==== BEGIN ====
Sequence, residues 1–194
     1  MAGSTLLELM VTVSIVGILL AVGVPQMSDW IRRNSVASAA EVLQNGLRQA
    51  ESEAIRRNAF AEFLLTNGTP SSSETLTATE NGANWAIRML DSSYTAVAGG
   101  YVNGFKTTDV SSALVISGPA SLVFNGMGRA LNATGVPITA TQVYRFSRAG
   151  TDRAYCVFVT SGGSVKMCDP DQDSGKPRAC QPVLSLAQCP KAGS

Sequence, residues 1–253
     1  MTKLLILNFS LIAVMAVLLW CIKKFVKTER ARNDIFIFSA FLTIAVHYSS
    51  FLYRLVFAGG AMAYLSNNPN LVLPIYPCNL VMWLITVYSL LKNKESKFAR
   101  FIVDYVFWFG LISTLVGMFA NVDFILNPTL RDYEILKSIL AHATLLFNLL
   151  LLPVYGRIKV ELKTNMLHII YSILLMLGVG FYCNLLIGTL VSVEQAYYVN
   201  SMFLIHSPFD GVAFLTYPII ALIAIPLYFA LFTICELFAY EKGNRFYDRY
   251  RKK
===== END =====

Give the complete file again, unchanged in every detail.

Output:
Sequence, residues 1–194
     1  MAGSTLLELM VTVSIVGILL AVGVPQMSDW IRRNSVASAA EVLQNGLRQA
    51  ESEAIRRNAF AEFLLTNGTP SSSETLTATE NGANWAIRML DSSYTAVAGG
   101  YVNGFKTTDV SSALVISGPA SLVFNGMGRA LNATGVPITA TQVYRFSRAG
   151  TDRAYCVFVT SGGSVKMCDP DQDSGKPRAC QPVLSLAQCP KAGS

Sequence, residues 1–253
     1  MTKLLILNFS LIAVMAVLLW CIKKFVKTER ARNDIFIFSA FLTIAVHYSS
    51  FLYRLVFAGG AMAYLSNNPN LVLPIYPCNL VMWLITVYSL LKNKESKFAR
   101  FIVDYVFWFG LISTLVGMFA NVDFILNPTL RDYEILKSIL AHATLLFNLL
   151  LLPVYGRIKV ELKTNMLHII YSILLMLGVG FYCNLLIGTL VSVEQAYYVN
   201  SMFLIHSPFD GVAFLTYPII ALIAIPLYFA LFTICELFAY EKGNRFYDRY
   251  RKK